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Tyne and Wear HER(4228): Newburn, Newburn Bridge - Details

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Newburn, Newburn Bridge




Road Transport Site

Toll Bridge

Early Modern



Newburn Bridge (Toll) was a simple girder bridge consisting of four 100 feet spans in lattice steel, with rivetted trusses supported on pairs of cylindrical wrought iron piers filled with concrete. The bridge was designed by Messrs J W Sandeman and J M Moncrieff of Newcastle for the Newburn Bridge Company, and built in 1893 by Head Wrightson of Thornaby on Tees. The road deck stood 21 feet (6.4 metres) above high water. It incorporated a 22 inch (0.56 cm) water main on either side and was originally a toll bridge. It is noteworthy for the depth of the foundations. Each pier consists of a pair of 5 feet diameter cylinders of wrought iron plating filled with concrete. The maximum depth to which they are sunk is 71feet below high water or 97 feet below roadway level where rock was reached. The bridge was completed in 1893. LOCAL LIST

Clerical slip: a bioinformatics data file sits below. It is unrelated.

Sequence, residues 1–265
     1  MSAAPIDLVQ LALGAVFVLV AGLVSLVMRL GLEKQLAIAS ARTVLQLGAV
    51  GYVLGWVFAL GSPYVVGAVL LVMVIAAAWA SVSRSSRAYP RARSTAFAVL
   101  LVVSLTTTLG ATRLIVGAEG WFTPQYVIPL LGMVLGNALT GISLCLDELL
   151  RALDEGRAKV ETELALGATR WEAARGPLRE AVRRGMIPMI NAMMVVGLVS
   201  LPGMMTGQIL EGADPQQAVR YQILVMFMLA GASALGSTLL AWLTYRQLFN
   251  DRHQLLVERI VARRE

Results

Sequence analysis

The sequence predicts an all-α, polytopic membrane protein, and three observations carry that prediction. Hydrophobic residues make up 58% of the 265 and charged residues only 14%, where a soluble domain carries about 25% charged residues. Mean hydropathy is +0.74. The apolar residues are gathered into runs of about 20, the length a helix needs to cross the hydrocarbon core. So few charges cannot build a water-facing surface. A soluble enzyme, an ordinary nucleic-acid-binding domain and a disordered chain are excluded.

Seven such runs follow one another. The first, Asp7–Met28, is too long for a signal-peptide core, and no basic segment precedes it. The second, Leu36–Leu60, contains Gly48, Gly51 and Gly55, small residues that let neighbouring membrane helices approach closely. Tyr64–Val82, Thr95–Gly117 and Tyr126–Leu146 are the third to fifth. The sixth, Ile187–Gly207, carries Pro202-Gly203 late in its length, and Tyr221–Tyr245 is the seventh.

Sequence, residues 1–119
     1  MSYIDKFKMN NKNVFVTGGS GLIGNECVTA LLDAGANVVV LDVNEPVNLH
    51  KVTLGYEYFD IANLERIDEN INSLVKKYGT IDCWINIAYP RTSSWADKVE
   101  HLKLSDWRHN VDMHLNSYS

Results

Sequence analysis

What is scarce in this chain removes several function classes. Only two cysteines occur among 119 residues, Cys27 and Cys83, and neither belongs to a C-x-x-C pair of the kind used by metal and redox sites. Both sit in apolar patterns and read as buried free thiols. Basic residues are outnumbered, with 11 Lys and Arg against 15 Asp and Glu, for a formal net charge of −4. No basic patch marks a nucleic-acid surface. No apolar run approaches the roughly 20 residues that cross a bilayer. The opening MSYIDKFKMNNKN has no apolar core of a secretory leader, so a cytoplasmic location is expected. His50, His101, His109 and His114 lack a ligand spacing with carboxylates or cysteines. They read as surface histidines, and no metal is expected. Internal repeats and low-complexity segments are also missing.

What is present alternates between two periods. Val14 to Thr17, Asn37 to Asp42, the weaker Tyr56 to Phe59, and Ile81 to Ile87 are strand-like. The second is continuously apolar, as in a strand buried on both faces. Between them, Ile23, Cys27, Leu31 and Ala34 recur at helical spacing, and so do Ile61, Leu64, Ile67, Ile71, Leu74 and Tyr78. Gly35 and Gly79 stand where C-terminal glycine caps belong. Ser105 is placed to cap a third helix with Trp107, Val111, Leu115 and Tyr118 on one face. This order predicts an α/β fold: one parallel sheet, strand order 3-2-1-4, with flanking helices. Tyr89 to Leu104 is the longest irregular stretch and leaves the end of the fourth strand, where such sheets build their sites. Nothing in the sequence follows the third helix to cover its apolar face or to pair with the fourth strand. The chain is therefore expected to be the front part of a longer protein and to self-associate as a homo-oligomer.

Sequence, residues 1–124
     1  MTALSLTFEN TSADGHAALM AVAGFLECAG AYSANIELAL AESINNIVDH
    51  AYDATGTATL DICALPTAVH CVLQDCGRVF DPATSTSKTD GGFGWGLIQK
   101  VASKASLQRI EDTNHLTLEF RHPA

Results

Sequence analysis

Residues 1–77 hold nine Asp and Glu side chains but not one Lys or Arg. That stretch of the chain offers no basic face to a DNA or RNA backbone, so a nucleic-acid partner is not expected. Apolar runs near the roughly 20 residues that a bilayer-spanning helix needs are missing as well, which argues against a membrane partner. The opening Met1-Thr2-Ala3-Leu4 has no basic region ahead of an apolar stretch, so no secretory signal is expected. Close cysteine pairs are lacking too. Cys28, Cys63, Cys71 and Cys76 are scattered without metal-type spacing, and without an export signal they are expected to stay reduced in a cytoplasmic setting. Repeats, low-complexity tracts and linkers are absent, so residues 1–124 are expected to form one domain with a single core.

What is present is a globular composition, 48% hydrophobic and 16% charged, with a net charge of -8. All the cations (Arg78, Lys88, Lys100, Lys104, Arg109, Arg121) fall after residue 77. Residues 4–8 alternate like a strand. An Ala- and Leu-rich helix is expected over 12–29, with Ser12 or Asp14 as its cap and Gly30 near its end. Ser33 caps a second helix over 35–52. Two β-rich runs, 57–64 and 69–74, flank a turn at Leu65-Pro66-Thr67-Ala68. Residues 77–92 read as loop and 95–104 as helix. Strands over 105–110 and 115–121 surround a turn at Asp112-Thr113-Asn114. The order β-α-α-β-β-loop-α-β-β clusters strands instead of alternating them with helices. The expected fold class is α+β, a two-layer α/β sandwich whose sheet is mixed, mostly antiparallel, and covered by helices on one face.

<< HER 4228 >> 2nd edition Ordnance Survey map, 1899, 6 inch scale, Northumberland, 96, NE I.M. Ayris, & S.M. Linsley, 1994, A Guide to the Industrial Archaeology of Tyne and Wear, p.17; Alan Williams Archaeology, March 2012, Keelman's Way Cycle Route, Ryton Gateshead - Archaeological Watching Brief during route improvements at Newburn Bridge

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